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Higher inflation + Rising interest rates = Slower growth

Russell Price | Chief Economist – Ameriprise Financial
April 12, 2022

Key Points

  • Recession risks? Despite excessively high inflation and what could be an aggressive Fed response, we believe the U.S. economy is most likely to avoid a near-term recession.
  • Can the Fed shake inflation’s hold? Higher interest rates are meant to reduce demand but much of today’s inflation problems reside on the supply side of the ledger.
  • Reduced outlook: The war in Ukraine and a more aggressive Fed have led us to lower our 2022 growth outlook. We now see the U.S. economy as growing at a 2.5% real rate.

High inflation and higher interest rates will weigh on the pace of economic growth in coming quarters. Overall, however, we believe U.S. fundamentals remain strong enough as to keep the economy on a positive path.

Inflation was already a significant drag on real economic activity upon entering 2022. Russia’s invasion of Ukraine in late February, further pushed some commodity prices materially higher, thus increasing inflation’s drag. In response, the Federal Reserve has laid-out a path for interest rates hikes this year that is more aggressive than previously expected.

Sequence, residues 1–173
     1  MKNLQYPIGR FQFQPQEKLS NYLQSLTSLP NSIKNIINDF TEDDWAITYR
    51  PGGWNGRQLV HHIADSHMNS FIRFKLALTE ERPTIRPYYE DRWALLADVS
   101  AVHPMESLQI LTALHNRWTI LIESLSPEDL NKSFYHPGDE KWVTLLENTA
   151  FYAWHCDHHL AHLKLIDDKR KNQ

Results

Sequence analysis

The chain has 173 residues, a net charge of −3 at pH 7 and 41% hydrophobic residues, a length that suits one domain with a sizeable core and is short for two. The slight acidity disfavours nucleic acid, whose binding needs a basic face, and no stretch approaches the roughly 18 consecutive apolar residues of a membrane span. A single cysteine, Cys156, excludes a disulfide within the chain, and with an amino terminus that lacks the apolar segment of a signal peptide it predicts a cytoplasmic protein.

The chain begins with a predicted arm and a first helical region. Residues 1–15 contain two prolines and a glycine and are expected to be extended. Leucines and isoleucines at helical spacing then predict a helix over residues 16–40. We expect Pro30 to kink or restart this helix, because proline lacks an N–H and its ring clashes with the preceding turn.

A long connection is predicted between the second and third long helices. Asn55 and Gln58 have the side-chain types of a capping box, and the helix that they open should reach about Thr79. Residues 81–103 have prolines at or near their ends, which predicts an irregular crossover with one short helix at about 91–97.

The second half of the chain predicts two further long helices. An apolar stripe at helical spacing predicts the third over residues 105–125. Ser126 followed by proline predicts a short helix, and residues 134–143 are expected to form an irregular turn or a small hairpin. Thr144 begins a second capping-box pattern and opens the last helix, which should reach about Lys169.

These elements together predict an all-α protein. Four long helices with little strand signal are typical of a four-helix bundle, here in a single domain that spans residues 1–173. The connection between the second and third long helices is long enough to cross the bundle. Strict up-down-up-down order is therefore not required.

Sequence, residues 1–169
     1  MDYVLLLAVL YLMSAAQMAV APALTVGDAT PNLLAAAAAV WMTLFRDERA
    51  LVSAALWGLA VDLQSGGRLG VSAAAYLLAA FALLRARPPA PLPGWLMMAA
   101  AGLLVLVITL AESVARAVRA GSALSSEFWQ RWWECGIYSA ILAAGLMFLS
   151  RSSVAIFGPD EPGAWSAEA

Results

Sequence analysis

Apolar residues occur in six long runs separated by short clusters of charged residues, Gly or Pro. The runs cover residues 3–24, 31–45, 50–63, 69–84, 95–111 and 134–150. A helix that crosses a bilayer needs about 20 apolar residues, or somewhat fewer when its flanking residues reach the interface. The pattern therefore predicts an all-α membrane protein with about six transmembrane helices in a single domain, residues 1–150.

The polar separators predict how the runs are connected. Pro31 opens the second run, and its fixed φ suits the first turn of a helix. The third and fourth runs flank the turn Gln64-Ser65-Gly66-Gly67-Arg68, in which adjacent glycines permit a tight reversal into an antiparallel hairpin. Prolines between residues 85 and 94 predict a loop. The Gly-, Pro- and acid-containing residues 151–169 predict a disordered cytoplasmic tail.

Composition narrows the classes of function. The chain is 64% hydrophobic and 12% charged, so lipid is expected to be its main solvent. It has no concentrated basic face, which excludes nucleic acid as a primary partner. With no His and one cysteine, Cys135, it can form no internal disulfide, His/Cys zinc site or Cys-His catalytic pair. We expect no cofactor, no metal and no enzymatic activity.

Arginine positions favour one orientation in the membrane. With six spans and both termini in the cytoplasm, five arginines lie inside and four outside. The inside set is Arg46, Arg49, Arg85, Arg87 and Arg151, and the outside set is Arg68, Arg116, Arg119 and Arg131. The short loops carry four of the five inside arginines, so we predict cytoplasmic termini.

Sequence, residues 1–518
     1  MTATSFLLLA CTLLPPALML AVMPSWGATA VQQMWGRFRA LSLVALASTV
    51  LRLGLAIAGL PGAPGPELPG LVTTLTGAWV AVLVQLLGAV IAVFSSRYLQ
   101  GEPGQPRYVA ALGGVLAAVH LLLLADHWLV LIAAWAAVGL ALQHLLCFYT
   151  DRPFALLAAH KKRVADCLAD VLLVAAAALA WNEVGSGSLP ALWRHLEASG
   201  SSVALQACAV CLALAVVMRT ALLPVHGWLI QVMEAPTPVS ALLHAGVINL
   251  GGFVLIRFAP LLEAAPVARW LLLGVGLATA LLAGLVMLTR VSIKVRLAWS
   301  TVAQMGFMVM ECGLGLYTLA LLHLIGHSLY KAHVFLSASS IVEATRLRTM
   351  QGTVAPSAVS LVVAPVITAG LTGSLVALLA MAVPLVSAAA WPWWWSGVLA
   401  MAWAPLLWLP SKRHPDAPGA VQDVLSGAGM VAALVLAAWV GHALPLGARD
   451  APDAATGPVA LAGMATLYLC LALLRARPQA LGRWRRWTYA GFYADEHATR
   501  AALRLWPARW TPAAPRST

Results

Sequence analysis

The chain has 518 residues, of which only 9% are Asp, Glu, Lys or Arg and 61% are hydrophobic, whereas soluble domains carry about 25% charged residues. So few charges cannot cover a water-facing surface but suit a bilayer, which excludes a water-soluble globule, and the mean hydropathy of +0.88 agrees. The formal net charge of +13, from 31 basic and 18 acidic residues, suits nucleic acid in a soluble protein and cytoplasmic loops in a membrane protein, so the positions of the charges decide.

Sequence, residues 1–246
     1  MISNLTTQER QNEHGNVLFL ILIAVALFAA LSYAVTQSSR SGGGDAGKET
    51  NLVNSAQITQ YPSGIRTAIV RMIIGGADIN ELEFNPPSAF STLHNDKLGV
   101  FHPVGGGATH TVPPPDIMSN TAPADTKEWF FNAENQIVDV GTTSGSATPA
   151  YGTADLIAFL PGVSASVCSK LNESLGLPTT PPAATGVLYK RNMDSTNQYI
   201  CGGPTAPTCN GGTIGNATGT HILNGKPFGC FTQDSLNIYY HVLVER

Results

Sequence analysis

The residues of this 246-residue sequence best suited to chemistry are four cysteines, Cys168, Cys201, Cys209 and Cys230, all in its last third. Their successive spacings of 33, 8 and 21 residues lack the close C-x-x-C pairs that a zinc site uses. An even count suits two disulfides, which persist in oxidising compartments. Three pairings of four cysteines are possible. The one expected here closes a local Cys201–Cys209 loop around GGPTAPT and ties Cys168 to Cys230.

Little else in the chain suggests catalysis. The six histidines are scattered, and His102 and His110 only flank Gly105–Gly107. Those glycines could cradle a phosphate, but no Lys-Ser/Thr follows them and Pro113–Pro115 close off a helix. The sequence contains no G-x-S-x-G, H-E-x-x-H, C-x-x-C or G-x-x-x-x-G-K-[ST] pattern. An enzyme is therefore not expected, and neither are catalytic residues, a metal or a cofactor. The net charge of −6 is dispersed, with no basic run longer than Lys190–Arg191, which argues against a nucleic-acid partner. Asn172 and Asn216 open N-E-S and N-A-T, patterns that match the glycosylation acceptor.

Though these developments are direct negatives to the economic outlook, they are unlikely to fully over-power the economy’s strong fundamentals, in our view. Consumers remain in good financial shape, and we believe the job market is likely to remain strong. Corporate balance sheets and the financial system are in good health as well, in our opinion.

We believe recession odds remain below 50 /50 but given the dynamic circumstances of inflation, ongoing supply chain issues, fast rising interest rates, and the war in Ukraine, the risk has clearly increased. Should the economy slip into a recession, however, we believe it would be short and shallow given the strength of underlying fundamentals.

We now forecast U.S. real Gross Domestic Product (GDP) to grow by +2.5% from a prior +3.5% (coming into 2022 we had projected real growth at +4.5%). Additionally, we look for the Consumer Price Index to end the year at a level of approximately +5.5% versus our prior estimate of +3.7%.



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